I was fascinated to read my associate Karl Case’s article on housing published in the New York Times a couple of weeks ago. In it he suggests that the “American dream” of home ownership, rather than being dead in the water, is actually alive although somewhat battered!
Agents, buyers and sellers alike are currently being inundated with market “analysis” and “commentary” relative to the current and, indeed, future of our housing market in the U.S. and the disparity between the opinions is vast. There are some who are projecting a further 20 percent decline in value and others who believe that we have bottomed out and a recovery is around the corner. It is all immensely confusing.
So what is the likely direction of housing as we move forward with our overall economic recovery?
It is my opinion that the mass pricing declines that we saw were a function of a meltdown in the market and that we have seen the worst of the price declines. As we move forward, the recovery in real estate will not on a national level but will be market specific, with some areas faring better than others. I believe that markets with better employment prospects, topographic and political restrictions that limit new development and lower foreclosure activity are likely to fare better than others. The US Census bureau shows that we live in a country with 310 million residents and over 77 million owner-occupied housing units; to suggest that a recovery will be equal across the country is naive.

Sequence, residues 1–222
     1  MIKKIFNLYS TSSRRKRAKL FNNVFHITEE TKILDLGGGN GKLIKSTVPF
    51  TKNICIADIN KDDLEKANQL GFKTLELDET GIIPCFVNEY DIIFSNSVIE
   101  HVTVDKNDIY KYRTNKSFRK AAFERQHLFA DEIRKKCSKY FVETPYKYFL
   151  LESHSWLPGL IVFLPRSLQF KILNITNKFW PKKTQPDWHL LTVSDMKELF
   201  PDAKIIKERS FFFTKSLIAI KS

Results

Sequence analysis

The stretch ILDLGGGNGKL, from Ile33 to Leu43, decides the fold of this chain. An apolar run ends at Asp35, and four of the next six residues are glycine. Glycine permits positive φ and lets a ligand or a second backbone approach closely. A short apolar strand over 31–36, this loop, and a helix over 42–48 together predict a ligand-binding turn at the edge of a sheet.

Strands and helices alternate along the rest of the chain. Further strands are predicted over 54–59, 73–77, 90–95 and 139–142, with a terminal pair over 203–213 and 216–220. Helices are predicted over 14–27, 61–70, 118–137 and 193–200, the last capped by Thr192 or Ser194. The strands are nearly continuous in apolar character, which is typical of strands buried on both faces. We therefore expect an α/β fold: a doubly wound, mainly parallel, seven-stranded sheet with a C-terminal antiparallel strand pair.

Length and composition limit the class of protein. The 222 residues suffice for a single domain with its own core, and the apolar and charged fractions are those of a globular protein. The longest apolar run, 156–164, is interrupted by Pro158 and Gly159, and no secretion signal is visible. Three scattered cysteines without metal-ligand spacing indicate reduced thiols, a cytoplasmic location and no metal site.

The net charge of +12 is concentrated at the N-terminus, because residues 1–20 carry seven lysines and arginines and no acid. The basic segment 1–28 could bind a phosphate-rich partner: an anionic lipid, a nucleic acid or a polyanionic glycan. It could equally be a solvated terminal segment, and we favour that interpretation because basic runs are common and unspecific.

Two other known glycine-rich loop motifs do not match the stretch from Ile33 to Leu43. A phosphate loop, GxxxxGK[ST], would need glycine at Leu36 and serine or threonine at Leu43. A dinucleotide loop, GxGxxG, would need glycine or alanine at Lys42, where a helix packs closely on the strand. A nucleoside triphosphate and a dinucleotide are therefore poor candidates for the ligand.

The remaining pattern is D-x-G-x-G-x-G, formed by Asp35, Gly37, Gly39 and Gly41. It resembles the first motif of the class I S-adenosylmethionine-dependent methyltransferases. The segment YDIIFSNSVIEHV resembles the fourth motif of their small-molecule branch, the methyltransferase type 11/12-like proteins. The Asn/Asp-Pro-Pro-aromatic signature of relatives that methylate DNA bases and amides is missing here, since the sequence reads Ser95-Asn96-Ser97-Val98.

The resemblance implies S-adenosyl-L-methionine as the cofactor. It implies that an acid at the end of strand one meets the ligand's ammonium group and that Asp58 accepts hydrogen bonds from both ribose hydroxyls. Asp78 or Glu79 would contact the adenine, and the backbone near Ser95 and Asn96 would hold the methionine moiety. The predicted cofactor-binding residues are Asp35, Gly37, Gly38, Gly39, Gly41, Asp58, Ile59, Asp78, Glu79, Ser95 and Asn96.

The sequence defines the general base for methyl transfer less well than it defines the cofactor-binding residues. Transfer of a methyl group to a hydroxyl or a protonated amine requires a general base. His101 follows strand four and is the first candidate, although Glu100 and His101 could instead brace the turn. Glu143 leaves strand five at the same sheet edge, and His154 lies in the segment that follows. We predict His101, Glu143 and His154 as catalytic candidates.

The core of Case’s argument is that the “Dream” very much depends on what one’s expectations are. If house buying is driven by the expectation of astronomical returns, then it is fair to believe that this will not be the case going forward. However, if buyers are realistic in their expectations of value and a good rate of return, that a home represents stability, offers tax incentives, as well as managing the fundamental need for shelter, then home ownership does indeed make sense. (Historically, housing has always appreciated at a greater rate than inflation and if you believe, as I do, that inflation is certainly headed our way, it will act as a good hedge against it.)
There is an old adage that all real estate is local and I agree with this. As we move forward, expect markets to fluctuate depending on the above criteria. Fear mongering does nobody any good and I hope that we will see less of this occurring as data continues to point toward improving economic conditions.